I didn’t do it, says Denesoline boss accused of taking millions

A man accused by the Łútsël K’é Dene First Nation of misappropriating millions of dollars from its business arm says he did no such thing.

The First Nation and Chief James Marlowe allege that Ron Barlas, the president and chief executive of economic development wing Denesoline Corporation, spent years furtively diverting up to $14 million.

In documents filed with the NWT Supreme Court this week, the First Nation and Marlowe accuse Barlas of committing “blatant self-dealing” by moving revenue from diamond mines and other ventures away from Denesoline and into other companies only he and his wife control, for no work in return.


He is also accused of manipulating how some corporations related to the community are run, with the alleged goal of protecting his position and preventing independent oversight of what was happening

On Friday, a judge will hear the First Nation’s request for injunctions that would strip Barlas of any responsibility for Denesoline and related corporations, then place those corporations into the care of an independent accounting firm while freezing Barlas’ assets.

In an affidavit filed on Thursday in response to the allegations, Barlas denied any form of misconduct.

“I have never taken funds which belong to the community. I have never taken steps to take over control of the corporations,” his affidavit states in part.

Barlas and his legal team submitted more than 500 pages of exhibits on Thursday that he says demonstrate Denesoline and its parent corporation, TSA, had appropriate oversight.


Those documents show that various corporations operated at times with only Barlas and a second person, Tom Lockhart, as directors. The documents show Lockhart signing a series of statements declaring that Barlas “had fully disclosed his personal involvement” with Northern Consulting Group – a company Marlowe and the First Nation say Barlas used to misappropriate millions of dollars from Denesoline – and that “the directors had concluded that all contracts entered into … were reasonable and fair.”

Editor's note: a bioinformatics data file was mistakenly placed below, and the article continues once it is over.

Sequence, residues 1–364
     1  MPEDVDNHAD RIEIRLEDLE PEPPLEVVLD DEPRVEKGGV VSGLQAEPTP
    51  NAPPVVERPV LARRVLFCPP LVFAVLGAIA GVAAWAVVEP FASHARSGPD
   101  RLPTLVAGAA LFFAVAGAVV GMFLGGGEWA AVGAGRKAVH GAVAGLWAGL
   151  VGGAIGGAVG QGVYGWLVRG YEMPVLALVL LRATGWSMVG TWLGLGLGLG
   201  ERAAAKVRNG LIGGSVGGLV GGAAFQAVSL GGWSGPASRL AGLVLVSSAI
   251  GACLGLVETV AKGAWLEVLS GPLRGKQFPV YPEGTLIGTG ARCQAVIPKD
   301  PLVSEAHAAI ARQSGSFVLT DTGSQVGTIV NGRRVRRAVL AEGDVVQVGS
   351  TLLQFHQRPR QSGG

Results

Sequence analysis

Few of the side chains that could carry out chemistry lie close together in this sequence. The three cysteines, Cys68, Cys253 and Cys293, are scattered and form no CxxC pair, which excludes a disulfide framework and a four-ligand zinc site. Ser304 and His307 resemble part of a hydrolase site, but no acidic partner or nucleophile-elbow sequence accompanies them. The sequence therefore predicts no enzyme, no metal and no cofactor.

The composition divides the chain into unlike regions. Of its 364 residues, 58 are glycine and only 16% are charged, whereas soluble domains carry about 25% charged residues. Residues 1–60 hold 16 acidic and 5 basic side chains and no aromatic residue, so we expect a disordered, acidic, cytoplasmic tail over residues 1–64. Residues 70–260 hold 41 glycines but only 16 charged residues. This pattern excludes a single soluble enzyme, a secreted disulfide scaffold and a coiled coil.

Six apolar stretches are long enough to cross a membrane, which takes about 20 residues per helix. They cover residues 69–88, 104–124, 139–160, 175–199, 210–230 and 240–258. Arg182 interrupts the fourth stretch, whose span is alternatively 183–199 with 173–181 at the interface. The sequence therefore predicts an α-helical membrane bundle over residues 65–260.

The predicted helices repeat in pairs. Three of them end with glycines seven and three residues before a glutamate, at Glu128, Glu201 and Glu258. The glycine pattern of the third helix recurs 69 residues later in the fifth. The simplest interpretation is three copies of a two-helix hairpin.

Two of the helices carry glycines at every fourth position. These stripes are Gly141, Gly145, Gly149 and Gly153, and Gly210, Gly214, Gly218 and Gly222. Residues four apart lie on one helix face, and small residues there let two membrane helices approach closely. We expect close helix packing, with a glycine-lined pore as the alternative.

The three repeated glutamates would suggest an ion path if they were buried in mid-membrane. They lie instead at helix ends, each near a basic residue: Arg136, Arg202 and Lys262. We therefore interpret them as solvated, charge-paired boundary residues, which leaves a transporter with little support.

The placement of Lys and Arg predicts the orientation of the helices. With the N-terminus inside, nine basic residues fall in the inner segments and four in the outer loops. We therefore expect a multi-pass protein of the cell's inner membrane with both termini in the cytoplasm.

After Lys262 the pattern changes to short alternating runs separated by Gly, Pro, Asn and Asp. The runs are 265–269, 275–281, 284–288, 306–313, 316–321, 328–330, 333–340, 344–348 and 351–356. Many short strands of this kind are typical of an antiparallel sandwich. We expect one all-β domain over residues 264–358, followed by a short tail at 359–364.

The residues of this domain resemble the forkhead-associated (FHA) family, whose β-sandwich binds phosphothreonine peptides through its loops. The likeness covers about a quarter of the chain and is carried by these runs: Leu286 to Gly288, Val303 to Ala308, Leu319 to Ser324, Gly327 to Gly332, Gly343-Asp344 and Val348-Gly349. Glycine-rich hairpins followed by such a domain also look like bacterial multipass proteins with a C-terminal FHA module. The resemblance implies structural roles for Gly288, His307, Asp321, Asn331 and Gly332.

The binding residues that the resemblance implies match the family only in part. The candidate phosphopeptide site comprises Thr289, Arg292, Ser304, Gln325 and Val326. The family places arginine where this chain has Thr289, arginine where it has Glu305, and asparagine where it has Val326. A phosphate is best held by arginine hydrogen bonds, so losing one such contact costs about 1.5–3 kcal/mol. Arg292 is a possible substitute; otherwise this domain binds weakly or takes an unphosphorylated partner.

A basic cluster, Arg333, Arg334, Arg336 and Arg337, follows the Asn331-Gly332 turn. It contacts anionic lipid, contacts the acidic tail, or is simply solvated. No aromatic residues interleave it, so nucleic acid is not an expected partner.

A brief affidavit bearing Lockhart’s name, in support of Barlas, asserts that Lockhart was visited on Sunday by Chief Marlowe and a lawyer for the First Nation. Lockhart says they tried “to put words into my mouth” and left him feeling uncomfortable.

Lockhart writes that he is “not aware of any impropriety” committed by Barlas.

In his affidavit, Barlas asserts: “No funds are being diverted to companies owned and controlled by me or my family and fulsome disclosure has been provided to TSA members.”


He also rejects a specific allegation from Marlowe and the First Nation that he used money from one corporation to buy a house for his family in Yellowknife. “The house I purchased with my own money,” he writes.

Asks for more time to respond

In general, Barlas states that a series of affidavits filed this week in support of the First Nation’s case – including from a former employee, a former board member, a former chief, the current chief and Diavik diamond mine boss Angela Bigg – contain “false, unfounded or misleading allegations.”

He dismisses an email sent by an anonymous author late last year, which appears to have initiated the First Nation’s case against him, as containing “bald faced and totally false accusations.”

The affidavit is particularly critical of a former Denesoline employee that the First Nation has characterized as a whistleblower.

Barlas writes that most of the former employee’s projects “were complete failures” and attaches what he says is a complaint he lodged with RCMP about the former employee on Wednesday – after he had been made aware of the NWT Supreme Court case.

Bigg had asserted in her affidavit that Diavik was about to pay some $13.5 million to “Denesoline-related entities.”

“Based on the information provided … DDMI is deeply concerned that if it were to advance payment on these invoices, the funds received by Denesoline may not be used for their intended purpose,” the mine’s president and chief operating officer wrote.

Barlas, in response, said that figured included “Denesoline’s joint venture partners … which is misleading.” He did not specify who those partners are.

Barlas wrote: “Historically, there has been an adverse relationship between Denesoline and Angela Bigg and Diavik Diamond Mine.”

Lastly, Barlas said he needs “more time to respond to the allegations made,” saying he only received materials from the First Nation at 5:30pm on Monday, leaving “little time to respond” before Friday’s initial court date.

He is asking for the court to adjourn to allow more time “to properly respond.”